Massive spoilers follow. This game has a surprise twist in it, and you will ruin the game for yourself if you read on.
KOTOR had an excellent plot twist, although I did manage to figure it out shortly before it was revealed. I was not so clever with Jade Empire, and the big twist caught me totally be surprise. Once I beat the Emperor, I did sort of sense the game wasn’t over, but I had no idea what was coming next. When my master turned around and killed me, I was blindsided.
But then, going back to the start of the game I can see hints of this coming all over the place. The conversations with Master Li take on whole new meaning once you know his plans. All of his “mistakes” that led to the destruction of Two Rivers were clearly not just deliberate, but finely calculated. This plot twist wasn’t some nonsense they pulled out of a hat. It was a clear element of the plot, and in fact many early conversations with Li only truly make sense once you understand what he’s up to.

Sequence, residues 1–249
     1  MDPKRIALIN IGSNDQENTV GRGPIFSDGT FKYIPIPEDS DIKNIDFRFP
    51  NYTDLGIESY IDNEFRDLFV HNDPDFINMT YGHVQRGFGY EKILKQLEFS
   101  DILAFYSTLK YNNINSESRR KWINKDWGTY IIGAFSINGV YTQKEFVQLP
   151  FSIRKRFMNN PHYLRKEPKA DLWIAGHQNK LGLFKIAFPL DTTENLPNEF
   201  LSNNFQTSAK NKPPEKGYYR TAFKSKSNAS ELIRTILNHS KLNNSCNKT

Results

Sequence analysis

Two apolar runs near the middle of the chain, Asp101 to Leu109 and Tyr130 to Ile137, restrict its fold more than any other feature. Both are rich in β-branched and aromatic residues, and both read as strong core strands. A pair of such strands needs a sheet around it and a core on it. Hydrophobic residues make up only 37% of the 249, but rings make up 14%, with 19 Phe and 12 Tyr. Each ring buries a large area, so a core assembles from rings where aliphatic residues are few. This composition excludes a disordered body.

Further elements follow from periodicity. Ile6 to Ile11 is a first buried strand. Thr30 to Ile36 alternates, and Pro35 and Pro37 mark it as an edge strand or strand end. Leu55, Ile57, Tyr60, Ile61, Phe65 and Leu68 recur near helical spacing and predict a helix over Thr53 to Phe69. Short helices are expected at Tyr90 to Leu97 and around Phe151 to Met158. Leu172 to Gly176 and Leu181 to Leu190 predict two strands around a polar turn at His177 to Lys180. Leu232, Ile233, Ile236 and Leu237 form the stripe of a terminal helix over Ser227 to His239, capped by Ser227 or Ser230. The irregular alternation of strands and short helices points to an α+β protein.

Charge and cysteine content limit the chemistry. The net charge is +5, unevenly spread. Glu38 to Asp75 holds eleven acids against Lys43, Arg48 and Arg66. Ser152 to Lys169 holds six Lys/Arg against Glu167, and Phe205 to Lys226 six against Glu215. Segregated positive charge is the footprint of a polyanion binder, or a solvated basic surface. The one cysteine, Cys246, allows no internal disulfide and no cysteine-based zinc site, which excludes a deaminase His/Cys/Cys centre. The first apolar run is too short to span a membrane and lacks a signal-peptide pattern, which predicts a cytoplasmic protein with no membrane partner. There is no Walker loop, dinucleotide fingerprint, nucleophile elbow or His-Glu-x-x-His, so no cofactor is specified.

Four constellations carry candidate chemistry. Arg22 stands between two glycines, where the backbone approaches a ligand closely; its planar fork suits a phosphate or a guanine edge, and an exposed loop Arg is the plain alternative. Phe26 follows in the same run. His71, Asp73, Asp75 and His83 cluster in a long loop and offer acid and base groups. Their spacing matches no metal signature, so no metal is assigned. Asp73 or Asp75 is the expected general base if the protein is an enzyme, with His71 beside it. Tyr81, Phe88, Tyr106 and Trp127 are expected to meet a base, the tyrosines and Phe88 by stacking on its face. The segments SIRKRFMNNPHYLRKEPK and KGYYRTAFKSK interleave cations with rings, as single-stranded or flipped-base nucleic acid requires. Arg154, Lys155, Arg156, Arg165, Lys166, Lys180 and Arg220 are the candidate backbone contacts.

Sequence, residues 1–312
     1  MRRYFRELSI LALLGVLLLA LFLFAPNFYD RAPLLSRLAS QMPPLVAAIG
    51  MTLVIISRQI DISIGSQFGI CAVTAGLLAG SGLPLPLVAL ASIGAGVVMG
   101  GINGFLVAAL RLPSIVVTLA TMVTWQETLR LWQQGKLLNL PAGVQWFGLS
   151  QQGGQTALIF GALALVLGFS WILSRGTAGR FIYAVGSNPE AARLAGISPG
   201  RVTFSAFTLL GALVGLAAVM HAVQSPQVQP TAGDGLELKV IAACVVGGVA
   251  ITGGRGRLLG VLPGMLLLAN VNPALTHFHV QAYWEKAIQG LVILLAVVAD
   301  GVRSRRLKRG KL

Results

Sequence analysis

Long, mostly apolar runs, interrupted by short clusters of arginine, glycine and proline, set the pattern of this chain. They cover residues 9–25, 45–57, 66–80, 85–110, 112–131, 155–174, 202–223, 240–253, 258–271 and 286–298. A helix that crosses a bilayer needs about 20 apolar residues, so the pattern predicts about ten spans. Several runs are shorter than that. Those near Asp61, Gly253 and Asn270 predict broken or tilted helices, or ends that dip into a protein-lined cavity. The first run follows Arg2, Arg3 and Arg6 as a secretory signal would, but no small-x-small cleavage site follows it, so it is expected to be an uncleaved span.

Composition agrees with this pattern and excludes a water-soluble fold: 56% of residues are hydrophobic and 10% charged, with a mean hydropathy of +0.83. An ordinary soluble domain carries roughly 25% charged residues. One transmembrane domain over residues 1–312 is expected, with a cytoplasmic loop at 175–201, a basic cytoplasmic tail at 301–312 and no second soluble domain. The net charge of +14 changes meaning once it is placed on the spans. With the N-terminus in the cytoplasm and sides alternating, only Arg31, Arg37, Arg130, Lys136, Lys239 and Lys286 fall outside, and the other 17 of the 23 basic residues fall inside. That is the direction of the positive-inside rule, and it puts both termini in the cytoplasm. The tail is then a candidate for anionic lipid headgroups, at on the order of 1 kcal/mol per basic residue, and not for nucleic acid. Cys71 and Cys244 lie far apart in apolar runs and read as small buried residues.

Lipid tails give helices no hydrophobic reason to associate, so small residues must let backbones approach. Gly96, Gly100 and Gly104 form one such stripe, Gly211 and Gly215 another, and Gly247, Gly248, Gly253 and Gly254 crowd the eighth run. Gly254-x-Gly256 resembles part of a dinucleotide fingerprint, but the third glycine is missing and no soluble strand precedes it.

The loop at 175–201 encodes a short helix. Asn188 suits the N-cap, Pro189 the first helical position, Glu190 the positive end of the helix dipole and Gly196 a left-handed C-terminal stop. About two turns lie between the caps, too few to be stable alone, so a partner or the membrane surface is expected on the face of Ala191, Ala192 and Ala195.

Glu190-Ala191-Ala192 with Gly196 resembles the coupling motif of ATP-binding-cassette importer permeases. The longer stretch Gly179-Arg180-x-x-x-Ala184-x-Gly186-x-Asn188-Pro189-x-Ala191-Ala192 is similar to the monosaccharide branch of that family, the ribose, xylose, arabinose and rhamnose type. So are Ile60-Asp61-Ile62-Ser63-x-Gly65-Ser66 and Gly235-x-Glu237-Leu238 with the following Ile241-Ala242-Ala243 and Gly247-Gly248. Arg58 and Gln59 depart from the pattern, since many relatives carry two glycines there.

I want to go over Master Li’s plans, as much as I’ve been able to unravel them. Note that in my game my character was named Endo, so anytime I talk about Endo I’m referring to the main player character, who can be either male or female and have any name the player chooses. Okay? Great. Let’s do this:
The Emperor Sun Hai decides to steal the power of the Water Dragon, one of many gods in the large and diverse pantheon of Jade Empire. He has vast resources, a huge army, and his subjects already revere him as a god. However, he doesn’t have a head for this sort of thing, so he turns to his younger brother Sun Li, the Glorious Strategist. Sun Li comes up with a flawless plan. They storm the temple of the Water Dragon, slay the guardians (the Spirit Monks) and defile the temple in a very deliberate way so that her (the Water Dragon’s) power can be stolen by a mortal.